Euribor - the promise at the heart of the Spanish Bank deception (+Start your claim)

by Legal editorial team
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Euribor is short for Euro Interbank Offered Rate. Euribor and LIBOR are comparable base rates. Euribor is the average interbank interest rate at which European banks are prepared to lend to one another.

LIBOR is the average interbank interest rate at which a selection of banks on the London money market are prepared to lend to one another.

Mortgage and loan interest rates are specified in terms such as '2 points above Euribor'.

It is that phrase that has disguised the deception that is at the heart of the Spanish Bank scandal, and your claim for a return of overpayments made for years.

Both LIBOR and Euribor come in different maturities. The main difference is that LIBOR rates come in different currencies.

The Euribor rates are based on the interest rates at which a panel of European banks borrow funds from each other.

In the calculation, the highest and lowest 15% of all the quotes collected are eliminated.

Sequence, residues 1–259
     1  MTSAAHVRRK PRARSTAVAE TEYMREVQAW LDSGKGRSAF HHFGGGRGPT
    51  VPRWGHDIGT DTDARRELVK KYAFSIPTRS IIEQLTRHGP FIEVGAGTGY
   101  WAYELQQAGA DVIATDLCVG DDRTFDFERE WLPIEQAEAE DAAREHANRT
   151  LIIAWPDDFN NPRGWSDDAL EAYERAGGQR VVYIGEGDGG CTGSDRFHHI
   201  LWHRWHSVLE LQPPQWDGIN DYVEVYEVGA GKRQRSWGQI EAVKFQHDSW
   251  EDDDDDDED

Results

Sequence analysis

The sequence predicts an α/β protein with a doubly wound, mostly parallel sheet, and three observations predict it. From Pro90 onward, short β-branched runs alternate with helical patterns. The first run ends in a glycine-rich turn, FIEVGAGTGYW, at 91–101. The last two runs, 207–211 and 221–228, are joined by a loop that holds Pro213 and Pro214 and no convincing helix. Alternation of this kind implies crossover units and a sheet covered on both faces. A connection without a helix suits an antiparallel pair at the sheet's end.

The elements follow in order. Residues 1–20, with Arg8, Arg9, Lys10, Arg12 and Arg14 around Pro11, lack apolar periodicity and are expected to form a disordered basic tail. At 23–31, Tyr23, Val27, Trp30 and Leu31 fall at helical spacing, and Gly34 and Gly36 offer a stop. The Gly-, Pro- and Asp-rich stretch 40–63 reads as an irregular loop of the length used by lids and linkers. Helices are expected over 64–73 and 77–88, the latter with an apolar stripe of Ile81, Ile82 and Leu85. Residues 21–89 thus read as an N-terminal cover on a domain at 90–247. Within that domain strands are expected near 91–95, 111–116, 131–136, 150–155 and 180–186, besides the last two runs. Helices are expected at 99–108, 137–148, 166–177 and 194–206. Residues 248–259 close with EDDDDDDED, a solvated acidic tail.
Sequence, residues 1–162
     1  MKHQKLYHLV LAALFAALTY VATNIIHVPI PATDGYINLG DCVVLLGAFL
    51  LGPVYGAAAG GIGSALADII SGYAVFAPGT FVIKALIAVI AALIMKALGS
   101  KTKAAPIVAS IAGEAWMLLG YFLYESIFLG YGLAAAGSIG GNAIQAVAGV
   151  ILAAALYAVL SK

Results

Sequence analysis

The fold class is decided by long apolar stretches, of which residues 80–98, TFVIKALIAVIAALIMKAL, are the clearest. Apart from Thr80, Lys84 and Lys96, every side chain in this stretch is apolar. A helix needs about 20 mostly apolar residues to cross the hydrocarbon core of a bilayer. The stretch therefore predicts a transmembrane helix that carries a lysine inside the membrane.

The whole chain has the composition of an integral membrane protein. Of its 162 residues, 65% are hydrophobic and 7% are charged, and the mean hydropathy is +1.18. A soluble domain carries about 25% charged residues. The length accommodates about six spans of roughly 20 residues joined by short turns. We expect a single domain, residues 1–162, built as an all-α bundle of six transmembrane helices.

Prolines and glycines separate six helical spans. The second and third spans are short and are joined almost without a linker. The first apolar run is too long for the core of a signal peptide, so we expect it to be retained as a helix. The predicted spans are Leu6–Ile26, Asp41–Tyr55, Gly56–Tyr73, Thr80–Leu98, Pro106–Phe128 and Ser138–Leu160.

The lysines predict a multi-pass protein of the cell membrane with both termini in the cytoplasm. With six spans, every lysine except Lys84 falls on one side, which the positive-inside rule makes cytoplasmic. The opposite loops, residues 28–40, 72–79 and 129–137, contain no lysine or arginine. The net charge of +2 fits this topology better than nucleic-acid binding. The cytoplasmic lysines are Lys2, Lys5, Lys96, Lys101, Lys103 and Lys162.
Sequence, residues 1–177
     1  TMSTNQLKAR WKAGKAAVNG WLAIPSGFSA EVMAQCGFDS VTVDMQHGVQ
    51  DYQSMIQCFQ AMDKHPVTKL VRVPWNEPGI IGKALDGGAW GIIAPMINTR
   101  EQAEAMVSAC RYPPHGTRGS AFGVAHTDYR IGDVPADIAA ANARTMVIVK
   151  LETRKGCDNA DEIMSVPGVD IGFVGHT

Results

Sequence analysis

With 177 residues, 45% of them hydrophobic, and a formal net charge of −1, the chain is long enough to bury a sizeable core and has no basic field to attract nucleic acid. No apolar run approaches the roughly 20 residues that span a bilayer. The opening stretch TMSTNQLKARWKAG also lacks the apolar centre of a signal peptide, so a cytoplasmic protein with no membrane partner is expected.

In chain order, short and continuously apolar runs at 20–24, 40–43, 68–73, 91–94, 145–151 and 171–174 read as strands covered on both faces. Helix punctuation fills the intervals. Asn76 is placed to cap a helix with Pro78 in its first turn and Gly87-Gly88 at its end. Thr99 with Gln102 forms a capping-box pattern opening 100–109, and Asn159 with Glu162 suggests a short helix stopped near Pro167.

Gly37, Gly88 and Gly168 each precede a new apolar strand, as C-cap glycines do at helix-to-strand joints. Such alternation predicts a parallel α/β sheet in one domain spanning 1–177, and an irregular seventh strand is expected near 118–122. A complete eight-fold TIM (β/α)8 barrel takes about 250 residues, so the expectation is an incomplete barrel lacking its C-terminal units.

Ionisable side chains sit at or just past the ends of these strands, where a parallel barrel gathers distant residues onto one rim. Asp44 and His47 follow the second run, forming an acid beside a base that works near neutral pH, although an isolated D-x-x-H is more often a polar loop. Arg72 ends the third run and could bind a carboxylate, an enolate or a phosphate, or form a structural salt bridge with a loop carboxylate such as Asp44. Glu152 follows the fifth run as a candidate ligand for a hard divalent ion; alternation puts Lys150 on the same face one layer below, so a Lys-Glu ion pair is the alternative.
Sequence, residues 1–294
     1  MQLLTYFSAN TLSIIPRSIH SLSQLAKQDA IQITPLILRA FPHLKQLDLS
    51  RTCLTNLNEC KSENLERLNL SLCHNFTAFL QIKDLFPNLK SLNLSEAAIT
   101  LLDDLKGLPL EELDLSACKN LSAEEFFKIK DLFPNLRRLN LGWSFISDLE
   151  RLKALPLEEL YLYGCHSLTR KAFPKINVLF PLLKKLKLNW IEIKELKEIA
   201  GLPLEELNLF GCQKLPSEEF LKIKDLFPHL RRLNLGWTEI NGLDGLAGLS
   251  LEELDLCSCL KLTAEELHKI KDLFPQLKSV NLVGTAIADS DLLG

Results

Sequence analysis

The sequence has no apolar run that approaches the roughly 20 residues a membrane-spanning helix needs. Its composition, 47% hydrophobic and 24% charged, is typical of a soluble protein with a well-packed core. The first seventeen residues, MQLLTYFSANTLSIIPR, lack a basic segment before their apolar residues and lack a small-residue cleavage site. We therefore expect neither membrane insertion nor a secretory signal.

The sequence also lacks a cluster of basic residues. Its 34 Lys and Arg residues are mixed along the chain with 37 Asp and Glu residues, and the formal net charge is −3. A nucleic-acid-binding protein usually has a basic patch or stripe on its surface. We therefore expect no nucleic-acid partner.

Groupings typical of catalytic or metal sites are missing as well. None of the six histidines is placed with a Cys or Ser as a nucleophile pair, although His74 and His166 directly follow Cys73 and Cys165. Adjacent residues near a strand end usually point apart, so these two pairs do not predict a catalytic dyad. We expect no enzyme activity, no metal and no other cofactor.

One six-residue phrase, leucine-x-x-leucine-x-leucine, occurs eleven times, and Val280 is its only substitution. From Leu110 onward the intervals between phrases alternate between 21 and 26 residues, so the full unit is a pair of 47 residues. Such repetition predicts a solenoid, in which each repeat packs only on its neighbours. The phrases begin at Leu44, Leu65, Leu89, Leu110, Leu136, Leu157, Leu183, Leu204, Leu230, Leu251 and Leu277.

The remaining rates are averaged and rounded to three decimal places.

Euribor is set at 11:00 am each day, Central European Time.

Euribor is often referred to as THE Euribor, implying that there is only one single Euribor interest rate, which is not correct.

There are currently 8 different Euribor rates, all with different maturities. At one time there were 15 different rates!

Euribor was first published on 30 December 1998 just ahead of 1 January 1999 when the Euro as a currency was introduced.

Before Euribor many domestic reference rates like PIBOR (France) and Fibor (Germany) existed.

Since the Euribor rates are based upon agreements between many European banks, the level of the rates is determined by supply and demand in the first place.

However there are some external factors, like economic growth and inflation which influence rates.

The Euribor rates are important because these rates provide the basis for the price or interest rate of all kinds of financial products, like interest rate swaps, interest rate futures, saving accounts – and of course ‘tracker’ mortgages.

The panel banks are the banks with the highest volume of business in the euro zone money markets and with a first class credit standing, high ethical standards and an excellent reputation.

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